The Alaska Adjustment of 1867 and the Samoa Adjustment of 1892

The Alaska Adjustment of 1867

From about the 1740s the north-western regions of North America had been explored by Russian adventurers and Russian whalers and fur trappers who subsequently settled there observed both the Asian day reckoning as well as the Julian calendar upon which the liturgical calendar of the Eastern Orthodox Church was based. The neighbouring Canadians however observed both the American day reckoning and the Gregorian calendar and their time keeping therefore differed 12 days (13 days after 1800) with those of the Russians.

In 1867 Alaska was acquired in the Alaska Purchase by the United States from Russia for a sum of $7,200,000. The change to the American mode of time reckoning was put into effect by decreeing that Friday, 6 October, of the same year would be followed by Friday (sic), 18 October – a shift of 12 days due to the change to the Gregorian calendar, plus one day on account of the day change and minus one day for the relocation of the date line to the waters of the Bering Strait.

The Samoa Adjustment of 1892

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Clipping from The Evening News (Sydney) of 20 July 1892 announcing the date change of Samoa (image source: National Library of Australia)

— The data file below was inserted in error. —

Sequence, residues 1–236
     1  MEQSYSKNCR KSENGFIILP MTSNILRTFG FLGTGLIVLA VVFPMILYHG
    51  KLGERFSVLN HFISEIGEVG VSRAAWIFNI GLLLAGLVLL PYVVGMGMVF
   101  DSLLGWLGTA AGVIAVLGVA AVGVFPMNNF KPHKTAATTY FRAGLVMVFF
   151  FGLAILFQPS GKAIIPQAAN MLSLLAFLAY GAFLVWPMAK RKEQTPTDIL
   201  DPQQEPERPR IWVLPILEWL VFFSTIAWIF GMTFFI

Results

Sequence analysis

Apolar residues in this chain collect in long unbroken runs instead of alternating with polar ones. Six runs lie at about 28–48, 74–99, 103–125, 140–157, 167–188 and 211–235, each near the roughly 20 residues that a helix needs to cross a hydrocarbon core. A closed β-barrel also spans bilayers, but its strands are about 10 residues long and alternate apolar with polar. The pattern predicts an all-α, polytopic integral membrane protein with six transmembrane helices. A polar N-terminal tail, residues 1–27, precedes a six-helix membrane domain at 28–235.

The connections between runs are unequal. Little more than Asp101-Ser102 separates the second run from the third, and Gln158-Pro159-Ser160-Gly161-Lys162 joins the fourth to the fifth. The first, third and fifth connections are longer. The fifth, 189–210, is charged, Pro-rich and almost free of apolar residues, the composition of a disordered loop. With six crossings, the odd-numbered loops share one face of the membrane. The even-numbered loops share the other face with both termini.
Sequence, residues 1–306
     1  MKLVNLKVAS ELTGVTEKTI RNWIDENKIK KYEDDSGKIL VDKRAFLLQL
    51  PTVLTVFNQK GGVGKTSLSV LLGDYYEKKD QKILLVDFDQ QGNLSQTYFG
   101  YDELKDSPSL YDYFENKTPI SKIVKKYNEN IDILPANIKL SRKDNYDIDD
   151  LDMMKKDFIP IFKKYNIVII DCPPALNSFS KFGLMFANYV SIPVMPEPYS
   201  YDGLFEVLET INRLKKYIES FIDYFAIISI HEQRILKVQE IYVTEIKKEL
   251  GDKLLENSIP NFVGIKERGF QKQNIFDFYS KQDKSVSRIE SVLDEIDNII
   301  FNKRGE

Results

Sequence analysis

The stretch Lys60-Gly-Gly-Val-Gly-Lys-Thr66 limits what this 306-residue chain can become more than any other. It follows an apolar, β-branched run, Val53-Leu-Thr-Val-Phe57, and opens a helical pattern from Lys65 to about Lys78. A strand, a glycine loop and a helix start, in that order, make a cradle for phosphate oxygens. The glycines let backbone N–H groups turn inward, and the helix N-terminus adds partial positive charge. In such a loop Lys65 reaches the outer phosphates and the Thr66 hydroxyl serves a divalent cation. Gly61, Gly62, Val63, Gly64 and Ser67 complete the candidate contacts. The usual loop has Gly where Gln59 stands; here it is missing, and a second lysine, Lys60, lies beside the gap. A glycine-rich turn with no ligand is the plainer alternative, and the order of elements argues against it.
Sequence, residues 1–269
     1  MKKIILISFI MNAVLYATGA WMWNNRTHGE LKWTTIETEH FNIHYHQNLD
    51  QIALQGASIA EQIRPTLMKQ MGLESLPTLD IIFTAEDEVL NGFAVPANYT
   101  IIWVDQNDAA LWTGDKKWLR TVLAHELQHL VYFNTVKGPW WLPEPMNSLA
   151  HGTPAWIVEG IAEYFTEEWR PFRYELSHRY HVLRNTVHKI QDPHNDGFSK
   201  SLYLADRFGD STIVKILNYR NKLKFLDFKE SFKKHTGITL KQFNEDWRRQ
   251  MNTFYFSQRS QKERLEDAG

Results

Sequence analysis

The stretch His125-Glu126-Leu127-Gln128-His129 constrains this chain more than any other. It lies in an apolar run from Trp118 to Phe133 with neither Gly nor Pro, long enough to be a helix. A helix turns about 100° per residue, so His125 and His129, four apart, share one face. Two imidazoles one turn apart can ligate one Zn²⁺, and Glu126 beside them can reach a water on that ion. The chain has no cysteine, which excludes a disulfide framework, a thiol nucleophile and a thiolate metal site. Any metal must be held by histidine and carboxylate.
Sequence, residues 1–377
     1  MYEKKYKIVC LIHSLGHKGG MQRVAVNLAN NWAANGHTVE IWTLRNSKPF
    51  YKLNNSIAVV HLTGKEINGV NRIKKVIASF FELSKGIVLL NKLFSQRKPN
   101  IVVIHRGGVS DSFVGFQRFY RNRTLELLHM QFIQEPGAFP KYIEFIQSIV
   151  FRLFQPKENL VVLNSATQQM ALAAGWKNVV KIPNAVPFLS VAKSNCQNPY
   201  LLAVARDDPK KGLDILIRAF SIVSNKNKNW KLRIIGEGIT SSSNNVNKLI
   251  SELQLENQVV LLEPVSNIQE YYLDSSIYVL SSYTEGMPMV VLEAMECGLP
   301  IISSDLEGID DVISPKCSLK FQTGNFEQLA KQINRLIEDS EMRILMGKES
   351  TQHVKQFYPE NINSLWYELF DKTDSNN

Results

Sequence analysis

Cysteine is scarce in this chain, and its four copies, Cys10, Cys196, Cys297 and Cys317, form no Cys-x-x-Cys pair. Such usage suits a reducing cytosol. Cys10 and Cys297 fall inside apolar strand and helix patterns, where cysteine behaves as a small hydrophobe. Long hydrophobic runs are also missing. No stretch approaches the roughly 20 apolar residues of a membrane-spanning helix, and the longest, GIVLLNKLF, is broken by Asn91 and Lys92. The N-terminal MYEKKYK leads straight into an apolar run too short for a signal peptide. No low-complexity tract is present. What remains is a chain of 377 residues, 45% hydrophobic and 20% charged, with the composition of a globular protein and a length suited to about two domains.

A similar adjustment of the date line occurred in 1892 when king Malietoa Laupepa of Samoa was persuaded by a major American business house trading in that region to adopt the American day reckoning instead of the Asian day reckoning. In a fine stroke of diplomatic flattery this was put into effect by a royal proclamation in the Samoan Times of 16 June, announcing that the 4th of July, a Monday, would be celebrated twice.

Margaret Isabella (Balfour) Stevenson (1829-1897), the mother of the Scottish writer Robert Louis Stevenson (1850-1894) who had settled in Samoa in 1890, described the occurrence of the ‘second 4th July, 1892’ as follows in her Letters from Samoa:

“Surely now I have been round the world, since at last I have done that to which I used to look forward, I have ‘gained a day.’ It seems that all this time we have been counting wrong, because in former days communication was entirely with Australia, and it was simpler and in every way more natural to follow the Australian calendar; but now that so many vessels come from San Francisco, the powers that be have decided to set this right, and to adopt the date that belongs to our actual geographical position. To this end, therefore, we are ordered to keep two Mondays in this week, which will get us straight.”

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